FLOWERING PHYSIOLOGY OF CHRYSANTHEMUM
Chrysanthemum constitutes an important floricultural crop in the world flower market. Understanding of their growth and flowering physiology is necessary to achieve stable year-round cut flower production. Dormancy and photoperiodism are two important elements by which chrysanthemum growth and flowering are characterized. Recently, the elucidation of flowering physiology based on molecular genetics has progressed rapidly. FT protein in Arabidopsis thaliana and Hd3a protein in rice, which are produced in leaves, move to apical meristems and induce a strongly reproductive transition. Those proteins can be regarded as florigens: the final cues for flowering. Chrysanthemums transformed with foreign florigen genes show reproductive transition under non-inductive conditions, suggesting that chrysanthemums have the same flowering pathway as A. thaliana and rice. The study of molecular genetics in chrysanthemum requires a model plant because greenhouse chrysanthemums are hexaploids and are genetically highly heterozygous. Using Chrysanthemum seticuspe f. boreale, a promising candidate as a model plant, some flowering-related genes such as florigen gene CsFTL3 were isolated from the wild diploid chrysanthemum. Function analyses are in progress.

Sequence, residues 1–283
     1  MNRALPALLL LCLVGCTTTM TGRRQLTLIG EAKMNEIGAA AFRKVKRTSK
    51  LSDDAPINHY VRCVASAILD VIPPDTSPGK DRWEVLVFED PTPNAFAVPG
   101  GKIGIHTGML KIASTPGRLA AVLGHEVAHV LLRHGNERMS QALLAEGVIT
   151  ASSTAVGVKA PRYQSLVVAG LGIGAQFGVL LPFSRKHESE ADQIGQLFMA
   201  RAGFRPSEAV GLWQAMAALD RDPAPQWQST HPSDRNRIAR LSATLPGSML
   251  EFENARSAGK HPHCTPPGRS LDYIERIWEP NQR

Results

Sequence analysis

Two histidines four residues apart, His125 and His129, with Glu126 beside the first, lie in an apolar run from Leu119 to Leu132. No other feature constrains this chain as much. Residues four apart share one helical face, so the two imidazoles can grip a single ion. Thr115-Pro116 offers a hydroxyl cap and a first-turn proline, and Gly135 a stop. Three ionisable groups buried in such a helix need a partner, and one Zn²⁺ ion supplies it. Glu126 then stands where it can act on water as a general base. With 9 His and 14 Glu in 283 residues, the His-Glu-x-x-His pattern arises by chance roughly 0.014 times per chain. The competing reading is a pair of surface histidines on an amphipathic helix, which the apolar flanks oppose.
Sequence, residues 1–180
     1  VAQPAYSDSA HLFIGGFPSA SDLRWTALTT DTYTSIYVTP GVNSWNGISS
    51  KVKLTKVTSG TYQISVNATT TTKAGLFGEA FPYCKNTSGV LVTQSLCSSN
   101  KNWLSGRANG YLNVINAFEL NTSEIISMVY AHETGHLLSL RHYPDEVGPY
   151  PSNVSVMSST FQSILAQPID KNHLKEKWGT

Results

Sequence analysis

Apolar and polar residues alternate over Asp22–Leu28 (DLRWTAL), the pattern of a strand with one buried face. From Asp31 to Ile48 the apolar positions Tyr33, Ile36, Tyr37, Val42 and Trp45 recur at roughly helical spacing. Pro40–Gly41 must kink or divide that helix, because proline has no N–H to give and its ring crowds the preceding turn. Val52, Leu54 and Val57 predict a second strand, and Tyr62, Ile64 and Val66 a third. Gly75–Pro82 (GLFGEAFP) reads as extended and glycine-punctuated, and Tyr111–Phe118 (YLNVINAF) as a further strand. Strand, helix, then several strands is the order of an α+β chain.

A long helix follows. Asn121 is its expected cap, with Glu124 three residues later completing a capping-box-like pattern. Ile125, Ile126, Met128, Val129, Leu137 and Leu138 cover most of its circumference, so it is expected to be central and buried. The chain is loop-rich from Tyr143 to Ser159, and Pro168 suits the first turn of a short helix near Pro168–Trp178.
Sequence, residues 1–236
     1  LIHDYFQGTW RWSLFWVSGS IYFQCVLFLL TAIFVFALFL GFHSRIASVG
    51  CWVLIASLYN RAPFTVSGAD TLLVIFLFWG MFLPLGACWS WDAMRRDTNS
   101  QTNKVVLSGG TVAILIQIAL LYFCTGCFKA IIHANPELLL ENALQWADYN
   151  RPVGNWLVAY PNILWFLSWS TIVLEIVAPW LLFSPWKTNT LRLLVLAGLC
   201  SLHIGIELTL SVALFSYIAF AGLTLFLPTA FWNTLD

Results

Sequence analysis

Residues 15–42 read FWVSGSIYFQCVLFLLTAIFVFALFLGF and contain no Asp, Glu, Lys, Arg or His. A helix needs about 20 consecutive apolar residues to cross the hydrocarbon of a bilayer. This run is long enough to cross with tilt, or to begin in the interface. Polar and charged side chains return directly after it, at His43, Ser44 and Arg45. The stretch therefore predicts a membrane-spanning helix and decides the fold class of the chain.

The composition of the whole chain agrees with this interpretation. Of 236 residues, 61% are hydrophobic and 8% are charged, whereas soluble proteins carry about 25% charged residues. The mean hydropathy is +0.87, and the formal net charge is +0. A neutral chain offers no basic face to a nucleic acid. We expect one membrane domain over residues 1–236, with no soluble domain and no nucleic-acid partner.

Fukai, S. (2014). FLOWERING PHYSIOLOGY OF CHRYSANTHEMUM. Acta Hortic. 1025, 135-142
cut flowers, flowering-related gene, florigen, photoperiodism, dormancy